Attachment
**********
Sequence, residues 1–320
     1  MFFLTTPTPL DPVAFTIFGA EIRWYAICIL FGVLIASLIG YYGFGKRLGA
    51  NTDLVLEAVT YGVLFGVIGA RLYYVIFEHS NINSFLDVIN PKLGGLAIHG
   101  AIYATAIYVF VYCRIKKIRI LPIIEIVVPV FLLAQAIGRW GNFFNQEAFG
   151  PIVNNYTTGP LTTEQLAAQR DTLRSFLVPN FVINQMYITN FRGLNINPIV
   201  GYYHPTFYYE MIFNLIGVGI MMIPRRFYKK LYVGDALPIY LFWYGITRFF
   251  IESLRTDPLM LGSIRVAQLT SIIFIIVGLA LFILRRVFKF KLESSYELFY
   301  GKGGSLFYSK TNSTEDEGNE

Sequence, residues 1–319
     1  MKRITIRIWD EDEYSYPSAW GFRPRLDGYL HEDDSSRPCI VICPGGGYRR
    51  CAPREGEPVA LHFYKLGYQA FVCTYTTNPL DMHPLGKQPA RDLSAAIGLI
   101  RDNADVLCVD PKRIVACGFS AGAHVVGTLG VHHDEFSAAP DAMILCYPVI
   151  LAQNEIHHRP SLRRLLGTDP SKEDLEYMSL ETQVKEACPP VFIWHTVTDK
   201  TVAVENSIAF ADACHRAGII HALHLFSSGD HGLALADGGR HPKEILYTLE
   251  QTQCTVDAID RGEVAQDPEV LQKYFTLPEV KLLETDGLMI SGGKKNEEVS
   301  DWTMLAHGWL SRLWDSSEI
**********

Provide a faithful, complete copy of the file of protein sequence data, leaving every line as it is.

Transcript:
Sequence, residues 1–320
     1  MFFLTTPTPL DPVAFTIFGA EIRWYAICIL FGVLIASLIG YYGFGKRLGA
    51  NTDLVLEAVT YGVLFGVIGA RLYYVIFEHS NINSFLDVIN PKLGGLAIHG
   101  AIYATAIYVF VYCRIKKIRI LPIIEIVVPV FLLAQAIGRW GNFFNQEAFG
   151  PIVNNYTTGP LTTEQLAAQR DTLRSFLVPN FVINQMYITN FRGLNINPIV
   201  GYYHPTFYYE MIFNLIGVGI MMIPRRFYKK LYVGDALPIY LFWYGITRFF
   251  IESLRTDPLM LGSIRVAQLT SIIFIIVGLA LFILRRVFKF KLESSYELFY
   301  GKGGSLFYSK TNSTEDEGNE

Sequence, residues 1–319
     1  MKRITIRIWD EDEYSYPSAW GFRPRLDGYL HEDDSSRPCI VICPGGGYRR
    51  CAPREGEPVA LHFYKLGYQA FVCTYTTNPL DMHPLGKQPA RDLSAAIGLI
   101  RDNADVLCVD PKRIVACGFS AGAHVVGTLG VHHDEFSAAP DAMILCYPVI
   151  LAQNEIHHRP SLRRLLGTDP SKEDLEYMSL ETQVKEACPP VFIWHTVTDK
   201  TVAVENSIAF ADACHRAGII HALHLFSSGD HGLALADGGR HPKEILYTLE
   251  QTQCTVDAID RGEVAQDPEV LQKYFTLPEV KLLETDGLMI SGGKKNEEVS
   301  DWTMLAHGWL SRLWDSSEI